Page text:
Containers filled with pollinator-pleasing plants will bring an assortment of fascinating creatures to your yard. From the portfolio of nature photographer Bill Johnson, let’s take a look at some of the pollinator types you are most likely to see. Learn how you can garden for pollinators, whether you have a large garden or small.
Honeybees (photo above) are the familiar foragers often found near agricultural areas and hobbyists’ hives; colonies occasionally escape into the wild.
- ID tips: Honeybees have fuzzy, oval-shaped bodies with a less narrow “waist” between the thorax and the abdomen than wasps and most other bees have.
- Notable species: European honeybee
- Favorite flower types: Shallow or tubular shapes, preferably with a landing area, in bright white, blue, or yellow
Wild bees are very diverse, with nearly 4,000 North American native species. Almost all are solitary rather than social nesters.
- ID tips: Bees typically have fuzzy bodies that range from metallic green or blue to brown or black, sometimes striped with yellow, white, or red.
- Notable species: Bumblebees, orchard bees, carpenter bees, sweat bees, mason bees, and leafcutter bees (pictured)
- Favorite flower types: Shallow or tubular shapes, preferably with a landing area, that are blue, purple, white, orange, or yellow
You might be surprised to learn that visit wasps are also pollinators! They often visit flowers mainly in search of nectar and insect prey; however, they can sometimes be very effective pollinators.
- ID tips: Wasps are typically smooth, not fuzzy, with a pointed lower abdomen and a narrow waist between the abdomen and the thorax.
- Notable species: There are about 18,000 North American species, including paper wasps, yellow jackets, mud daubers (pictured), thread-waisted wasps, and tiny Trichogrammas.
- Favorite flower types: Shallow, nectar-rich flowers, often with dull colors or unusual scents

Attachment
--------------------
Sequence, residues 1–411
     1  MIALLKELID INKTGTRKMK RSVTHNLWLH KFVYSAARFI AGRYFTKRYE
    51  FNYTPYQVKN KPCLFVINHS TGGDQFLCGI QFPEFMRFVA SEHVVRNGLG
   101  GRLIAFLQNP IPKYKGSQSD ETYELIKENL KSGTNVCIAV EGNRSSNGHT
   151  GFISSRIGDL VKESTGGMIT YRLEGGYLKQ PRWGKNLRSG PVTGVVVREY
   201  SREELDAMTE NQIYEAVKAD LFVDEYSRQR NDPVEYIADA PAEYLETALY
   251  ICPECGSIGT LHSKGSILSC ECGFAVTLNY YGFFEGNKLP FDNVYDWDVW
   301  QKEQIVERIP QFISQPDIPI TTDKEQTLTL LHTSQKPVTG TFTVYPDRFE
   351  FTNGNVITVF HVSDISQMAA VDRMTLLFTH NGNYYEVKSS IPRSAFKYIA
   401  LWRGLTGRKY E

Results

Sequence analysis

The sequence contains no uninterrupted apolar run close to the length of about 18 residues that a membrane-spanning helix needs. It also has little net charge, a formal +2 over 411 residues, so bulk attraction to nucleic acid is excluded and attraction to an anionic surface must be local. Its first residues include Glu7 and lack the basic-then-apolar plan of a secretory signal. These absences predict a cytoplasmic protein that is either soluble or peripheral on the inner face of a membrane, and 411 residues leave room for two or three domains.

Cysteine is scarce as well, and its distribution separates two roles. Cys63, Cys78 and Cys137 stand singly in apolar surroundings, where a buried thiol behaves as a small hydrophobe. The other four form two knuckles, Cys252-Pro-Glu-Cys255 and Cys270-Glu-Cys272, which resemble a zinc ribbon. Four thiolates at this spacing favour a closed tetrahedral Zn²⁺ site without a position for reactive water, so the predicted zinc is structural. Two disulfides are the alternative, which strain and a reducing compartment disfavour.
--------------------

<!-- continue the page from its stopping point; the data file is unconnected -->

Butterflies have long legs and tongues that keep them from picking up as much pollen as bees, but they can be surprisingly efficient pollinators.
- ID tips: Most butterflies land and rest with their wings folded together vertically over their bodies, while moths tend to rest with their wings open and flat.
- Notable species: There are several hundred North American species, including skippers, blues, swallowtails (pictured), hairstreaks, sulphurs, and brush-footed species.
- Favorite flower types: Bright red or purple with deep, tubular shapes, abundant nectar, and wide landing pads
Moths are underappreciated pollinators, since many feed only at night. However, some moths fly by day, such as the snowberry clearwing (pictured).
- ID tips: Nearly all moths rest with their wings open and flat, while butterflies tend to hold theirs upright.
- Notable species: There are about 20,000 North American moth species, including hawk moths, sphinx moths, tussock moths, daggers, and luna moths.
- Favorite flower types: White, pink, purple, or pale red; sweetly fragrant, with ample, deeply hidden nectar
Flies are another extremely large, varied, and underappreciated pollinator group. Some species have markings similar to those of bees or wasps that deter predators.
- ID tips: Flies have two wings instead of four, and most have extremely large eyes that come together at the top of the head.
- Notable species: Hoverflies, robber flies, bee flies (pictured), flower flies, syrphid flies, and tachnids
- Favorite flower types: Shallow or funnel-like shapes that are pale, dark brown, or purple, sometimes with a putrid odor
Hummingbirds are always on the move. Each bird drinks up to twice its weight in nectar each day, transporting pollen between plants as it feeds.
- ID tips: Hummingbirds are easily identified by their small size, long, tapered beaks, and ability to hover in flight.
- Notable species: There are only a handful of North American species, including ruby-throated, broad-tailed, rufous, Anna’s, Costa’s, and black-chinned hummingbirds.
- Favorite flower types: Colorful, tubular flowers with abundant nectar
Beetles are one of the oldest pollinator groups on earth. Some chew through flower petals, leaving waste behind, and are called “mess and soil” pollinators.
- ID tips: Beetles have hard wing coverings that are folded back in flight and sharp mandibles on the underside of the head.
- Notable species: Soldier beetles, scarabs, long-horned beetles, checkered beetles, sap beetles, and lady beetles (pictured)
- Favorite flower types: Large, bowl-shaped blooms with ample pollen and strong scents that are sweet, musky, spicy, fruity, or putrid
Sarah Partyka is the owner of The Farmer’s Daughter, a garden center in South Kingstown, Rhode Island.